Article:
Student Research Assistance: RSF supports salary/wages for research assistance time for undergraduate and graduate students. Investigators must indicate how RA time is calculated (e.g., hourly wage by number of hours; salary by percent of time devoted to project). RSF pays RA fringe benefits but does not pay student fees or tuition remission (in some cases, student healthcare fees are allowed).
Post-doctoral Researchers who have appointments of no more than three years: RSF will consider providing support for the percent of time spent working on the RSF project, up to a maximum of 50 percent of their normal salary, but no more than $25,000 per year (a maximum of $50,000 for the duration of the project).
Release Time: RSF does not support release time (course buy-outs) from teaching during the academic year. In some exceptional circumstances, for example, where carrying out specific research projects may be severely time constrained due to external factors (e.g., surveys during election years), we may consider allowing for release time during the academic year in lieu of summer salary. Such requests are considered part of investigator salary support and may not exceed the total salary cap of $20,000 per investigator for the duration of the project.
RSF pays fringe benefits where required up to a maximum of 40%.
Fair Payment Policy for Crowdsourcing Workers
With increasing frequency, academic researchers use crowdsourcing workers (e.g. MTurk) to complete study-related tasks. RSF requires that compensation for crowdsourcing workers be appropriate for the time and effort that they devote to their study-related task. The payment amount must be based on the minimum wage in the state where the fiscal agent for the award is located or at least $10.00, whichever is higher.
Applicants must fully describe the compensation plan for crowdsourcing workers, as well as the reasoning behind the amount, method and terms of compensation.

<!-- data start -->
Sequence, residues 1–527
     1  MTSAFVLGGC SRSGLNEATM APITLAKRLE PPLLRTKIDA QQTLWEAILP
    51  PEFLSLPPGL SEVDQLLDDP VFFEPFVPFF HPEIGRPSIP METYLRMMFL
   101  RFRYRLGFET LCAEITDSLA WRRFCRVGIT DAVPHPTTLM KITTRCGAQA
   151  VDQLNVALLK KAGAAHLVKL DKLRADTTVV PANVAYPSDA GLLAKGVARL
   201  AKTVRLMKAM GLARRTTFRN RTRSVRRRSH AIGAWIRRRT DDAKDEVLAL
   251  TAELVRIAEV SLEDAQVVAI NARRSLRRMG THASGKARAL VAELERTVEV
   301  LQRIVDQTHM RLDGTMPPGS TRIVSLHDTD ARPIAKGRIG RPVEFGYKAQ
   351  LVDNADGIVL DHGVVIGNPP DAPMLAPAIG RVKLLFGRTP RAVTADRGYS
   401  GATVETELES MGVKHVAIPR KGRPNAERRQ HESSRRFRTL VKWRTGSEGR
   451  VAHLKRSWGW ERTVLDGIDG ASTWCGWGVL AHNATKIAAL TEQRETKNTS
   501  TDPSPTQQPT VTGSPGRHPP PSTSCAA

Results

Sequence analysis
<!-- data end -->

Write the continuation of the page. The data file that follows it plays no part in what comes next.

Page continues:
Most awards include salary for Principal Investigators, Co-investigators and research assistance. As a general rule, the research team should bring all necessary skills to the project. However, if an outside consultant is needed, the budget narrative must specify the specific expertise and value the consultant brings to the proposed project which the existing research team does not have. The maximum allowable payment for consultants for an 8-hour day is $750, with the total fees for an individual consultant not to exceed $15,000 over the course of a two-year project. RSF does not pay fringe benefits on consultant fees, nor are consultant fees subject to indirect costs.
When awards include an honorarium for preparing a paper, it is Foundation policy to pay the honorarium only after a paper has been accepted for publication, or completion of the task for which the honorarium is allotted. The Principal Investigator, Project Director or Foundation program officer is usually responsible for approving payment. In some cases, the payments are paid out in installments, so authors receive a partial payment for the first draft and a second payment when the final paper is accepted. RSF typically structures honorarium payments and consulting fees as internal awards and pays these to individuals directly, rather than making the award to the institution acting as the fiscal agent.
RSF will not pay for travel for collaboration purposes (meeting among PIs/collaborators) or the dissemination/presentation of findings (conference travel). The Foundation will consider limited travel expenses directly related to carrying out the research project (e.g. data collection, site visits or access to restricted data). If the approved budget contains funds for travel, RSF funds should be used only for economy class travel and moderately priced restaurants and hotels.